The coronavirus pandemic has infected more than a million people worldwide and led to 54,045 deaths, as of midday Friday. The world’s eyes have since descended upon China, where the first COVID-19 cases were believed to have been detected. It’s currently understood that the outbreak started as early as November last year in the wet markets of Wuhan. It was in those markets, some suggest, where the deadly virus spilled over from animals to humans. Since this controversial revelation, China announced plans to change the law by banning wild animal consumption and the trade itself. But BBC documentarian Aldo Kane raised concerns to Express.co.uk about rules not applying to the brutal multi-million pound tiger bone product industry.
As more evidences point to coronavirus originating in China’s wet markets, the country has considered changing the eating habits of some within the nation.
The National People’s Congress banned the trade of “illegal wildlife” in a bid to “eliminate the bad habits of wild food eating” in late February.
Information continues to suggest conditions of the wet markets – where animals are kept dead and alive in close proximity – being responsible for the outbreak.
Despite the declaration from China’s ruling body, it is yet to become law, with some experts believing legislation may happen within three months, while others doubt it will ever be enforced.
Some have disputed the claims about the wet markets being at the epicenter of the coronavirus pandemic – and many are still reserving judgement.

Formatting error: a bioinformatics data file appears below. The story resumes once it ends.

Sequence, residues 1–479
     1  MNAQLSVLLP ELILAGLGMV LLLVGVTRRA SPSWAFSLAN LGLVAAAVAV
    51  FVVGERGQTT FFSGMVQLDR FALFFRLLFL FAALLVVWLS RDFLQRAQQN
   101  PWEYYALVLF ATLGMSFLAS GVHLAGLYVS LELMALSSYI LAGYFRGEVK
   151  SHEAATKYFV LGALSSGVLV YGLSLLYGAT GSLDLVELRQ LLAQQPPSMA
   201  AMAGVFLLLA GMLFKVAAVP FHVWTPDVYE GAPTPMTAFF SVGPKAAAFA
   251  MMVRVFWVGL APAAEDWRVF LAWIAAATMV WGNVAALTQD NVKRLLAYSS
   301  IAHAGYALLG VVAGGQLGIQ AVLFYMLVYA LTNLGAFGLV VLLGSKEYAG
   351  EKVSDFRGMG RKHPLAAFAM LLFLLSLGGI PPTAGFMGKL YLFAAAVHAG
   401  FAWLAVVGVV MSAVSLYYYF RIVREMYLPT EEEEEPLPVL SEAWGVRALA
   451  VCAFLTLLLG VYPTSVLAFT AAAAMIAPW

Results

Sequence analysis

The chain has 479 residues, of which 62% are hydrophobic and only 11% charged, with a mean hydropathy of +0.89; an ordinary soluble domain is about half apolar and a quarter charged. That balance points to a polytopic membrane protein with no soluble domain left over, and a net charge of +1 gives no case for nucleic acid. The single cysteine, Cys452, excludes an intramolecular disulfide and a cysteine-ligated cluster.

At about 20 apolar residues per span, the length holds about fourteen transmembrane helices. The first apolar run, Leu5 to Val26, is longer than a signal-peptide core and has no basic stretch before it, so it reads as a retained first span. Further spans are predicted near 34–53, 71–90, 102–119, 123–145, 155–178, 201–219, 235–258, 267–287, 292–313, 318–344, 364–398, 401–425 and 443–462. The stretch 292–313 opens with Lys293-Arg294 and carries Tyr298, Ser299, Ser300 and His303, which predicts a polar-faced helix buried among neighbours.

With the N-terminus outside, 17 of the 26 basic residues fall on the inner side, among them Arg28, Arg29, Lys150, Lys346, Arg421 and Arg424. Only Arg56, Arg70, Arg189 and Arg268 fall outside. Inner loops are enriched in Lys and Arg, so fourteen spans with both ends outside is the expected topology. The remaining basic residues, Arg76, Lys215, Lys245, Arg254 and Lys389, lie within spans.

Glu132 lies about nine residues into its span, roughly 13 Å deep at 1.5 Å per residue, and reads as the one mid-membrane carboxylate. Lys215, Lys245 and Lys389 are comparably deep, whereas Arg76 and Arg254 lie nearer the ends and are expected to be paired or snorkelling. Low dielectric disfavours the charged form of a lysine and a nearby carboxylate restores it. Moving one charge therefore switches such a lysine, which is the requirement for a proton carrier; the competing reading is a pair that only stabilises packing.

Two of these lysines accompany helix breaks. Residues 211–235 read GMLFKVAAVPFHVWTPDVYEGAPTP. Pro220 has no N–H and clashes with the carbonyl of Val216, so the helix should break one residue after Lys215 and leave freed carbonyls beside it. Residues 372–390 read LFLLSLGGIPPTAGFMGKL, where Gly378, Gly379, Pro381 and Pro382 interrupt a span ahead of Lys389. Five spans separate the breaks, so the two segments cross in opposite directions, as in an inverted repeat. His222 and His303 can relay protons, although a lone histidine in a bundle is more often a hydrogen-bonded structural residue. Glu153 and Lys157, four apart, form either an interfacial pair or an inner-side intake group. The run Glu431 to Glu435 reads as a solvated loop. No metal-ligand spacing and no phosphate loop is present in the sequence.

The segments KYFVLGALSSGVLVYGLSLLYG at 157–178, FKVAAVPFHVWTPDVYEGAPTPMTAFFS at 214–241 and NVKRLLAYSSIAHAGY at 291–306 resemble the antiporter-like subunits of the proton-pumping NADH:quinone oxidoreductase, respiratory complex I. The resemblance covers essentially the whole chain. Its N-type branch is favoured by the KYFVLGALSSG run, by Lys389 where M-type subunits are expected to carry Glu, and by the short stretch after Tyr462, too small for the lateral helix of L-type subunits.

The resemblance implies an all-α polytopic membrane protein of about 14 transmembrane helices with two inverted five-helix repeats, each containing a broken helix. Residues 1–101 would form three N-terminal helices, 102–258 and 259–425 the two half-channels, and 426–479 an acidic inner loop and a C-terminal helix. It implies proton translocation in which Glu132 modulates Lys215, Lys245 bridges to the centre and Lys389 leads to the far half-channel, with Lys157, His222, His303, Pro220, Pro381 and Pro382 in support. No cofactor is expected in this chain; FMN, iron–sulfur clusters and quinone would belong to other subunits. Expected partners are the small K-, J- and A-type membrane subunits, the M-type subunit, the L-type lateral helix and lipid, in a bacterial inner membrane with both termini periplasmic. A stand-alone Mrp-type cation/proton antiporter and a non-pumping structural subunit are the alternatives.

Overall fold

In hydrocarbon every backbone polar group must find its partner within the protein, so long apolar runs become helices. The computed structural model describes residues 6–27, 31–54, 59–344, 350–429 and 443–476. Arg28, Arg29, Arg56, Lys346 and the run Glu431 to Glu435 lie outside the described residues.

They include Dr Syra Madad, a Special Pathogens Expert, who featured on the Netflix show ‘Pandemic: How to Prevent an Outbreak’.
She stated that these areas are perfect for pandemics like coronavirus to spread but admitted the “verdict is still out”.
Dr Madad told Express.co.uk: “Different reports out there show the virus was circulating in China before December, but it’s still a guess for anyone.
“Despite this, wet markets are hotspots and breeding grounds for infectious disease outbreaks by having all perfect ingredients – close corridors, different animals being kept dead and alive, poor hygiene or sanitations, and more.
“All of these features can ignite an infectious disease outbreak hotspot, so it’s not surprising they can start and proliferate in those areas.”
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While the Chinese government is still considering the best way to handle the ban on wildlife consumption, other cities have taken matters into their own hands.
Shenzhen, in the country’s southeastern region, announced in a statement on Thursday it will outlaw eating dogs and cats as of May 1.
China’s ban in February, which is yet to be brought into law, prohibited the “hunting, trading, transportation, and consumption of wild animals”.
The ruling further stated that the public are now “forbidden to eat ‘terrestrial wildlife of important ecological, scientific and social value’”.
But animal rights and anti-poaching campaigners fear that not all wild animals will be included within future laws.
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They include former-Royal Marine Aldo Kane who produced BBC documentary ‘Tigers: Hunting the Traffickers’, which was released in March.